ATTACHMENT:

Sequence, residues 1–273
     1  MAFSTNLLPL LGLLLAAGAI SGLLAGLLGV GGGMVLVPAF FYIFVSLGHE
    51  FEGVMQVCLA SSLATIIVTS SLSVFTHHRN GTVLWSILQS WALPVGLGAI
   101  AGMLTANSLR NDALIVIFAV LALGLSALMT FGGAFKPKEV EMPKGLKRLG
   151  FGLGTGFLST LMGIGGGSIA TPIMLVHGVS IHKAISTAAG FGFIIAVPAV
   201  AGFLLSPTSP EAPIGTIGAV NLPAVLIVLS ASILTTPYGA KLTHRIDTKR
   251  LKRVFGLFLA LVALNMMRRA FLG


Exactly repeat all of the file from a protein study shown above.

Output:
Sequence, residues 1–273
     1  MAFSTNLLPL LGLLLAAGAI SGLLAGLLGV GGGMVLVPAF FYIFVSLGHE
    51  FEGVMQVCLA SSLATIIVTS SLSVFTHHRN GTVLWSILQS WALPVGLGAI
   101  AGMLTANSLR NDALIVIFAV LALGLSALMT FGGAFKPKEV EMPKGLKRLG
   151  FGLGTGFLST LMGIGGGSIA TPIMLVHGVS IHKAISTAAG FGFIIAVPAV
   201  AGFLLSPTSP EAPIGTIGAV NLPAVLIVLS ASILTTPYGA KLTHRIDTKR
   251  LKRVFGLFLA LVALNMMRRA FLG